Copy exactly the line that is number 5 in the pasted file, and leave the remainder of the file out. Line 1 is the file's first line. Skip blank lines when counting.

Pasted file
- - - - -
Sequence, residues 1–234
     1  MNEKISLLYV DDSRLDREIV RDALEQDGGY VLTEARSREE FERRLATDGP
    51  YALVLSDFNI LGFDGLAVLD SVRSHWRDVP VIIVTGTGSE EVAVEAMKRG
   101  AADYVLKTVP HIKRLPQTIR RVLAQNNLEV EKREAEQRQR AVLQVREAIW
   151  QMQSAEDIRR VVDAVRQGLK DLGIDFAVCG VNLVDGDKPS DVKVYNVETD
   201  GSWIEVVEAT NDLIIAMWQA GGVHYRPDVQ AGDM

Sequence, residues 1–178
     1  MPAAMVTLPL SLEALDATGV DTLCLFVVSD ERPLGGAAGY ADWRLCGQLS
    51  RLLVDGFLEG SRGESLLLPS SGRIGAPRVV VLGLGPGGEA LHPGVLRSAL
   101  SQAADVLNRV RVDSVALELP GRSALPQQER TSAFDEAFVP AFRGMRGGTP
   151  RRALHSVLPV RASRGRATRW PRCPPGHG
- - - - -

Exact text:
   151  QMQSAEDIRR VVDAVRQGLK DLGIDFAVCG VNLVDGDKPS DVKVYNVETD